- The Washington Times - Monday, March 14, 2005

Whether eating in a restaurant or at the homes of friends, I take special note of the vegetables. If they are fresh and carefully prepared, I take that as a sure sign that the meal will be a success.

When entertaining, many cooks make vegetables mere afterthoughts. We don’t hesitate to invest time in the main course, but by the time we get around to side dishes, our energies are spent. So we resort to the familiar and steam, saute or roast them. Yet there is a bounty of delicious vegetables out there, and there are many interesting ways to prepare them.

Take rutabagas, which are featured in the following recipe. Similar to turnips but a separate botanical species, rutabagas (also called yellow turnips or Swedes) are larger and rounder. They have pale tan skin with a purple band near the crown, and their flesh is firmer and their flavor sweeter and stronger than that of turnips. Inexpensive and available all year long, they adapt beautifully to a variety of cooking techniques. You can boil, braise, saute or roast them with equally good results.

I decided to boil diced rutabagas until tender then mash them with butter, salt and pepper. They are delicious in that form but even better when garnished with crispy fried shallots.

The rutabagas can be cooked and mashed, and the shallots fried and left at room temperature, several hours ahead. At serving time, you need only reheat the rutabagas in the microwave or stir them until warm in a skillet set over low heat.

This delicious side dish would make a fine accompaniment for roast pork or ham, broiled or grilled lamb chops, or sauteed duck breast. Whatever you serve them with, these buttery mashed rutabagas, with their crisp topping, will not take back stage. I doubt that you’ll have leftovers.

Mashed rutabagas with crispy shallots

The rutabagas can be prepared 6 hours ahead. Cover and refrigerate or leave at cool room temperature. Reheat in the microwave, or place them in a skillet or saucepan over low heat and stir constantly.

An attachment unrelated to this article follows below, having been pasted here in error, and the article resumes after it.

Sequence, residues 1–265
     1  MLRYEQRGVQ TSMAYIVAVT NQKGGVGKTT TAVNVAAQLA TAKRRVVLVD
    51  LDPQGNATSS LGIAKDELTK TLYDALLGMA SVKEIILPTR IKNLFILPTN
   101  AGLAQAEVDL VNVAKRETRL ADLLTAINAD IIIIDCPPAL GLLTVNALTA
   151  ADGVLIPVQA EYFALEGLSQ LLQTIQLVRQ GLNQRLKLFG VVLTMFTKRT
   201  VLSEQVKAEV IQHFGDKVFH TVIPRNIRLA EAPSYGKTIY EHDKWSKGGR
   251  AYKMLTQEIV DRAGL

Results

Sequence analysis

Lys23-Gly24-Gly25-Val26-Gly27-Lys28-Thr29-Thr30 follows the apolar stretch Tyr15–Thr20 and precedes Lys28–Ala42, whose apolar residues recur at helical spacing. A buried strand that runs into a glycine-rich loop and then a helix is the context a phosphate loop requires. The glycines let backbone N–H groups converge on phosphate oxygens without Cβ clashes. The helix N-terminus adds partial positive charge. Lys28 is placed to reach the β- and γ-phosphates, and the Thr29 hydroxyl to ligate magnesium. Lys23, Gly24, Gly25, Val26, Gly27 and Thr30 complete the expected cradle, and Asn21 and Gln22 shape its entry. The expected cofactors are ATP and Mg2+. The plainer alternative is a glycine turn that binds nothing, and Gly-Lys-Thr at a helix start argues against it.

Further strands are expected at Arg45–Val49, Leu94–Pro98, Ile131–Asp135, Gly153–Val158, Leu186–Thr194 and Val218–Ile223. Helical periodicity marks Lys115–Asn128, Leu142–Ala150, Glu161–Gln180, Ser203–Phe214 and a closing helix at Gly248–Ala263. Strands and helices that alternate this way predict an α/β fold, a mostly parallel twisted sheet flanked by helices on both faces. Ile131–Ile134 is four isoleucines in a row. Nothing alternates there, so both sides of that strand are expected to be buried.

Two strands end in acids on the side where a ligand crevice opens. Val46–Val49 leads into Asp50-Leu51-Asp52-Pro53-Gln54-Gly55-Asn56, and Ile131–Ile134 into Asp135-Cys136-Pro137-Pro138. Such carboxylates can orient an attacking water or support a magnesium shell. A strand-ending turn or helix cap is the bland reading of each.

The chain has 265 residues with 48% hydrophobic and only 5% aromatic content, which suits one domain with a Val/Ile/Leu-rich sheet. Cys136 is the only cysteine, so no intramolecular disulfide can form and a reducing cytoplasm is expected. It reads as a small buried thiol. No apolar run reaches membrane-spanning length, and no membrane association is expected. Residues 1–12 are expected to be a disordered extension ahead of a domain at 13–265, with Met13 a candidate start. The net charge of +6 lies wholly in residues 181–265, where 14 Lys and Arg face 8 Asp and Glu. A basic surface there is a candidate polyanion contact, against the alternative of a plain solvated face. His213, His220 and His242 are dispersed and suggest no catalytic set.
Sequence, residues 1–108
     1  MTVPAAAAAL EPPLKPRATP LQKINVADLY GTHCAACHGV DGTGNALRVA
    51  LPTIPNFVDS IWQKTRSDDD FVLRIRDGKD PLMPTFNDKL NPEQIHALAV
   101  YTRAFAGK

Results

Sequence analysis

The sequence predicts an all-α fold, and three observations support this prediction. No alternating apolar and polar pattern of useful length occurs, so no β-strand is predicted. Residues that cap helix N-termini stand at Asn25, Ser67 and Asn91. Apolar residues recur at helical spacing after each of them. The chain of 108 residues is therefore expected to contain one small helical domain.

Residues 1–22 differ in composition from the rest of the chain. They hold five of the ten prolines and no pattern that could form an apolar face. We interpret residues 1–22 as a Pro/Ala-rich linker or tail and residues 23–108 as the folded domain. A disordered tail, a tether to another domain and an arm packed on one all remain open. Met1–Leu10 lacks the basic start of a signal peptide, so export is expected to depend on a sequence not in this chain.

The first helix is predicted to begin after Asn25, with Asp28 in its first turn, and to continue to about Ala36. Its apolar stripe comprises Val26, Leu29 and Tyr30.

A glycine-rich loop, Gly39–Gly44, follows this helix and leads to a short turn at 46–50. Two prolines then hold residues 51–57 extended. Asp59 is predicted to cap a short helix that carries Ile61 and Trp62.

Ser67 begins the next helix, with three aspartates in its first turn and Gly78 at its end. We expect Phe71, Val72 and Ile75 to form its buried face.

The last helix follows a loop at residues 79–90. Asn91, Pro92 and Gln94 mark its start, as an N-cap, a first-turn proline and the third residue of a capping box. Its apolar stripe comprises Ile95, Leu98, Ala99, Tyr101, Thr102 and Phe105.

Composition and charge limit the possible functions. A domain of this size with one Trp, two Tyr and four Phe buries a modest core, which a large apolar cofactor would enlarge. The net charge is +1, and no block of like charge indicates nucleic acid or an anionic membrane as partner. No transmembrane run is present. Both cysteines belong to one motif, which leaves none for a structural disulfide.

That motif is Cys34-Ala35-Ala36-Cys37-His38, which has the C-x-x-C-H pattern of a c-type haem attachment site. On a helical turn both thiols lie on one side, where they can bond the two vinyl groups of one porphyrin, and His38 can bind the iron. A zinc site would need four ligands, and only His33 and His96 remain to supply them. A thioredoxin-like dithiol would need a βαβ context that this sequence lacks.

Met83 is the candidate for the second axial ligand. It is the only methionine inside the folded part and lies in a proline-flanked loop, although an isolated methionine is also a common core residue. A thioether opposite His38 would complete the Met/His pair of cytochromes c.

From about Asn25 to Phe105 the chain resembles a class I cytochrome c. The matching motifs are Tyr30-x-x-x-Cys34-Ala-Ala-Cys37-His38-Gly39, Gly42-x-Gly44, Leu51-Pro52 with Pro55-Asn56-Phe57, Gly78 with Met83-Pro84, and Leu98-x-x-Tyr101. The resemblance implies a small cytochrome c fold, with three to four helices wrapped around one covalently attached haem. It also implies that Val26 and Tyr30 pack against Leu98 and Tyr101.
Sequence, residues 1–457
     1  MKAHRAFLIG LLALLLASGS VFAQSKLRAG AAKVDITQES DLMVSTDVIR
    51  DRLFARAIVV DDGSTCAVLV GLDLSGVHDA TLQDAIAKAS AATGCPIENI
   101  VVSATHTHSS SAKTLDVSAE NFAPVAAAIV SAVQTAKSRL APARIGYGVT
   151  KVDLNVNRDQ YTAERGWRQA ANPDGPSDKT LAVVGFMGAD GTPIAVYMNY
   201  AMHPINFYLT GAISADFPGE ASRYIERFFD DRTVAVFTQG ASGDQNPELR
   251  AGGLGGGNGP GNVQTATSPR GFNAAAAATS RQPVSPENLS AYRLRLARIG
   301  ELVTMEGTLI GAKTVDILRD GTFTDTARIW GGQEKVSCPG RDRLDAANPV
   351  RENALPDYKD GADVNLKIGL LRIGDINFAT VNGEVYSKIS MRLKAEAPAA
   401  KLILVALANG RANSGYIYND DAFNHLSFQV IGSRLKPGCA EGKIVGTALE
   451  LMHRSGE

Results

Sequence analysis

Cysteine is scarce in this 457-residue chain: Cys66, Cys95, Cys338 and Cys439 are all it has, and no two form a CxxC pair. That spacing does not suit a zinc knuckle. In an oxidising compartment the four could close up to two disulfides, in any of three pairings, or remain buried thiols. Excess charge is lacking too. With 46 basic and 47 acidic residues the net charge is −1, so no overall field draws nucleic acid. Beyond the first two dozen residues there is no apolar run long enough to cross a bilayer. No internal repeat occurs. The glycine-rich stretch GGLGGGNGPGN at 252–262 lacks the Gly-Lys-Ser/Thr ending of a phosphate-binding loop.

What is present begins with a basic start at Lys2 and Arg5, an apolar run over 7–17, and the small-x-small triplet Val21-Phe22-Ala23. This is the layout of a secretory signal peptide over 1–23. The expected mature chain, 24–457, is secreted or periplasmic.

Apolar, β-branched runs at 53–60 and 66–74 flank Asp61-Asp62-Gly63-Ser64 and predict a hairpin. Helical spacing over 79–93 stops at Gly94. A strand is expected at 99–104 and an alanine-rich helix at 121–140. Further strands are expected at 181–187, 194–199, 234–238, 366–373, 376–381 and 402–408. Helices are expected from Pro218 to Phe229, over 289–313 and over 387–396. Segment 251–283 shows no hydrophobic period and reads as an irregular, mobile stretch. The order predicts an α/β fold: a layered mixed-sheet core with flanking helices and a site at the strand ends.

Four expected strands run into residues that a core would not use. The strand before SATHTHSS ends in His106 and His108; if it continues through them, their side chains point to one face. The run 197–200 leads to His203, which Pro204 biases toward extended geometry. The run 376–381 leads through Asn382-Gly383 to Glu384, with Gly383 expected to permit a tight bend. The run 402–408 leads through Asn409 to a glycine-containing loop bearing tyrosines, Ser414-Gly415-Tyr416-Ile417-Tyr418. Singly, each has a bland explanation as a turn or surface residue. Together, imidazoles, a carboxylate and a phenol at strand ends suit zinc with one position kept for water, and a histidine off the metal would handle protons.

The shallots can be prepared up to 4 hours ahead and left at room temperature. They do not need to be reheated when placed atop the warm rutabagas. However, if they lose some crispness, you can spread them on a baking sheet and place them in a preheated 350-degree oven for 1 to 2 minutes. Watch carefully, since they burn very quickly.

4 pounds rutabagas, peeled and cut into 1-inch or smaller dice (see note)


3 tablespoons unsalted butter, diced


6 medium (5½ to 6 ounces) shallots

2/3 cup canola or vegetable oil

1 tablespoon chopped flat-leaf parsley, optional

Bring a large pot of water to a boil, and add rutabagas and a tablespoon of salt. Cook, uncovered, on medium-high heat until rutabagas are tender when pierced with a knife, 25 to 30 minutes. Drain well in a colander.

Return them to the pan in which they were cooked, and stir in the butter, 1½ teaspoons salt and several grindings of black pepper. Taste and add more, if needed.

Mash rutabagas with a potato masher, or, for a smoother texture, puree them in batches in a food processor or blender.

Peel shallots and thinly slice them crosswise. Separate into rings. Place a double thickness of paper towels on a large plate or platter to drain the fried shallots. Heat the oil in a heavy, medium skillet set over medium heat. When oil is hot, fry the shallots in three batches, stirring, until golden brown, about 3 to 4 minutes per batch. Watch carefully, because shallots tend to burn easily.

Remove shallots as they are done with a slotted spoon to drain on paper towels.

To serve, mound mashed rutabagas in a serving bowl, and sprinkle shallots over. Garnish with parsley, if desired. Makes 6 servings.

Note: Choose rutabagas that are smooth, firm and unblemished. I prefer the smaller ones (no more than 4 inches in diameter) to the larger.

Betty Rosbottom is a cooking school director and author of “Big Book of Backyard Cooking” (Chronicle Books).


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